Author Affiliations: Cardiovascular Health Research Unit (Drs Floyd and Psaty) and Departments of Medicine (Drs Floyd and Psaty), Epidemiology (Dr Psaty), and Health Services (Dr Psaty), University of Washington, Seattle; and Group Health Research Institute, Group Health Cooperative, Seattle (Dr Psaty).
For the prevention of cardiovascular disease (CVD), β-blockers are among the most widely used therapies. Multiple clinical trials have established their efficacy in preventing death after myocardial infarction (MI) and in treating congestive heart failure (CHF) due to systolic dysfunction.1,2 β-Blockers have also long been used to treat hypertension. Although low-dose diuretics are the recommended first-line agent for pharmacologic therapy for uncomplicated high blood pressure,3 several large trials funded by the pharmaceutical industry have used β-blockers as the active-comparison control treatment,4 and the results of these trials suggest that other therapies are more effective than atenolol in preventing cardiovascular events, particularly stroke.5,6 Because no primary prevention trial among hypertensive patients has compared atenolol head to head with other β-blockers, their comparative effectiveness in this setting remains unknown.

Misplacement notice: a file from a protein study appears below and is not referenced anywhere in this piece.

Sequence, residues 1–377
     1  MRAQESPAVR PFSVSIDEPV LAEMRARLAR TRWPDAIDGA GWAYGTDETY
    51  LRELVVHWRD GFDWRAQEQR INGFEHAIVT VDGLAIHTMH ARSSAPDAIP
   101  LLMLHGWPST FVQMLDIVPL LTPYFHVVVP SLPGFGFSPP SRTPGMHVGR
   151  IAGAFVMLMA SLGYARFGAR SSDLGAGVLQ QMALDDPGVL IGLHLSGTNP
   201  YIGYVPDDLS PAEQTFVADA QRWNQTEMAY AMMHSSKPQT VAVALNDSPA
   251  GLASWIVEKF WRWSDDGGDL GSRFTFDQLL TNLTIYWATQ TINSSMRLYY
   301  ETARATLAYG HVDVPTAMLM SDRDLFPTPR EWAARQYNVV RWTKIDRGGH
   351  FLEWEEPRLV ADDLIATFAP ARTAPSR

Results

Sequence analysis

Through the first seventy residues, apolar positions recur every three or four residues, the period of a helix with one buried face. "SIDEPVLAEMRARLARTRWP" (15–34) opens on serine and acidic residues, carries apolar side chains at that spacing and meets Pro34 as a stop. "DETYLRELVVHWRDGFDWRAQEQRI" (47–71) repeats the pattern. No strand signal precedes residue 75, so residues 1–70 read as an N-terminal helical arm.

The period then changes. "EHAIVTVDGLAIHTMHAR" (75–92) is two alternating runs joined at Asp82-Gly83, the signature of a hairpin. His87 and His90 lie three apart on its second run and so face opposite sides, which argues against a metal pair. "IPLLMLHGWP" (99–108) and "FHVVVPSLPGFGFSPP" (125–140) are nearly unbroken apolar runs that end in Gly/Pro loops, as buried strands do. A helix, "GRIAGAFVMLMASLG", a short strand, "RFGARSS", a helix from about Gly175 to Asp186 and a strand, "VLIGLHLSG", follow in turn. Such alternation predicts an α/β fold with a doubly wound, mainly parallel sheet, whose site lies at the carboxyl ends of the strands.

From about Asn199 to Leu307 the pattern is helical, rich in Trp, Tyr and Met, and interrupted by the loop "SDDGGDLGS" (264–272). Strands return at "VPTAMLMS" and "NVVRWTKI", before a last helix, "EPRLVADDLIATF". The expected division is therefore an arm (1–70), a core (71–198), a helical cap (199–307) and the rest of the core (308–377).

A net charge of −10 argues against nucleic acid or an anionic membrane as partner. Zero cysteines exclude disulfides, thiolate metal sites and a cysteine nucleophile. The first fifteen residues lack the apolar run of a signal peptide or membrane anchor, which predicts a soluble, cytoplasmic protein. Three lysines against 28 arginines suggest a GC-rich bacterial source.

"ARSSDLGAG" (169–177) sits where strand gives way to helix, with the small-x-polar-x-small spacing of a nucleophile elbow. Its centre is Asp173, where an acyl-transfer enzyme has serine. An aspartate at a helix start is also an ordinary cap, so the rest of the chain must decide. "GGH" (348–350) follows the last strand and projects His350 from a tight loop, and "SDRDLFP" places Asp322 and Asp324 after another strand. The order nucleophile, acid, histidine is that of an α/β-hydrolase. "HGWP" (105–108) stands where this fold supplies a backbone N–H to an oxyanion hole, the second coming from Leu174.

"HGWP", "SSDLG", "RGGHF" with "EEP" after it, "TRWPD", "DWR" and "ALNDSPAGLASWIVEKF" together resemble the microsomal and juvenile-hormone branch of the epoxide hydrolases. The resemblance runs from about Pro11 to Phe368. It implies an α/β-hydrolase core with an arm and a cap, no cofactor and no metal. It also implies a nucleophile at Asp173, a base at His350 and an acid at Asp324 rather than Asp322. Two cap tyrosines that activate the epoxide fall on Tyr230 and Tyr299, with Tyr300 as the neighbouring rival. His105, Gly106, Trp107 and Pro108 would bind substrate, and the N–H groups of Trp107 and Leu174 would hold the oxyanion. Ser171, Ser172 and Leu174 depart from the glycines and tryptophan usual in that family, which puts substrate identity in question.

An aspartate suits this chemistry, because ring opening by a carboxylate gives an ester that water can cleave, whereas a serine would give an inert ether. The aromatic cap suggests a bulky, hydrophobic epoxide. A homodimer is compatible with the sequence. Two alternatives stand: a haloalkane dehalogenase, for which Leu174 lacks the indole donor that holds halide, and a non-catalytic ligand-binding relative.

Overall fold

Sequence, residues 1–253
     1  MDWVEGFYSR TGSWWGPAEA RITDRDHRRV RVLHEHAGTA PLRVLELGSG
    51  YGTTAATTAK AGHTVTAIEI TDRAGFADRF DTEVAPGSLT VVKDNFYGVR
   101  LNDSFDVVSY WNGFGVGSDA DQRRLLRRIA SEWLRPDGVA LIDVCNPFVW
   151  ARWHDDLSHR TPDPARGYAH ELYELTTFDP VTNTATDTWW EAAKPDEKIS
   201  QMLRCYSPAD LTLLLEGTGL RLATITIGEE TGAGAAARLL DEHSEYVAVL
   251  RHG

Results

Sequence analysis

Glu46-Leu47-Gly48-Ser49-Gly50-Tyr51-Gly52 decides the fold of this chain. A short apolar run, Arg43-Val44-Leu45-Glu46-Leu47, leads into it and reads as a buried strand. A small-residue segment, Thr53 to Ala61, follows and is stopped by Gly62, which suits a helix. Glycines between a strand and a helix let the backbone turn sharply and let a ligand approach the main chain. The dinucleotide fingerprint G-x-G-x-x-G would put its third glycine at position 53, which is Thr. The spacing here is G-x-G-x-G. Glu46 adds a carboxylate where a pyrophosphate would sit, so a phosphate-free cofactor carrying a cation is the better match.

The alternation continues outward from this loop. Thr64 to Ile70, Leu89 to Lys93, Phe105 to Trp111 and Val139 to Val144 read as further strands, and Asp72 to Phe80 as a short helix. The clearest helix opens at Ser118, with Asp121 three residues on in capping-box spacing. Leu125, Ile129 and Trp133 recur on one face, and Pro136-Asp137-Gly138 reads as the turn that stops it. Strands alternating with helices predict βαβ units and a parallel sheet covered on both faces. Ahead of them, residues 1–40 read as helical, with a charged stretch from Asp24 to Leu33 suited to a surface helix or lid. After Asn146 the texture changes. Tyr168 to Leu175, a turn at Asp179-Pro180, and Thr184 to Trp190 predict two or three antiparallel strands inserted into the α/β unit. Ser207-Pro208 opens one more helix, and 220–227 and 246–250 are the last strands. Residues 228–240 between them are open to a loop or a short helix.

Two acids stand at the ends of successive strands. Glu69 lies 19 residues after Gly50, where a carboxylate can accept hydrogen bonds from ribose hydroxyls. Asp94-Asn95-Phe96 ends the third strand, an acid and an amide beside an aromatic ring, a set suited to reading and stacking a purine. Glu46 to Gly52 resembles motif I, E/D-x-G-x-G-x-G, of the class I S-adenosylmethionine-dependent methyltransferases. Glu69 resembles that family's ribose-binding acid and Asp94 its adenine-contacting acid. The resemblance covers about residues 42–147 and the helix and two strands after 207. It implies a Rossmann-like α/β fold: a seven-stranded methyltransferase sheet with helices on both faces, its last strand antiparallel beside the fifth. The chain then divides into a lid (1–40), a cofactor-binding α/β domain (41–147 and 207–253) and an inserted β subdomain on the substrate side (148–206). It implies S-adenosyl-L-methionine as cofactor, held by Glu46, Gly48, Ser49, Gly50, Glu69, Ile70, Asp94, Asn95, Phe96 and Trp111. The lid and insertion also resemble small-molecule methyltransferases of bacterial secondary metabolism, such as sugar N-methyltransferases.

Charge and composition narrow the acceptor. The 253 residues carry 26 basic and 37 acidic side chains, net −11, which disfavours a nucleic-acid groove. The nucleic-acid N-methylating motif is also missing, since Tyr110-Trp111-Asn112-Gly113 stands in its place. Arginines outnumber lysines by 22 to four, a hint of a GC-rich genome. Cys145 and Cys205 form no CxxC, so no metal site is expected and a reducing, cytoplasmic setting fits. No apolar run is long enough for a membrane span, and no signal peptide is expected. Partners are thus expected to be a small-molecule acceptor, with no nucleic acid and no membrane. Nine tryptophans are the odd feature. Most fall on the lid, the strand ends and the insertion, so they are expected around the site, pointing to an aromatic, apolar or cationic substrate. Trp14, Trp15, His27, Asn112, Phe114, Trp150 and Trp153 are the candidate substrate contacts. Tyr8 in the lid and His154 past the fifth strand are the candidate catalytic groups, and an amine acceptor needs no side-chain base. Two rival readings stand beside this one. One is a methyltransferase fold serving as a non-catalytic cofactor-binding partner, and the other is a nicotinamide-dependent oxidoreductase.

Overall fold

James S. Floyd, Bruce M. Psaty. Observational Comparative Effectiveness Studies of Drug TherapiesHigh-Quality Answers or Important Clinical Questions? Comment on “Comparative Effectiveness of 2 β-Blockers in Hypertensive Patients”. Arch Intern Med. 2012;172(18):1412–1414. doi:10.1001/archinternmed.2012.4306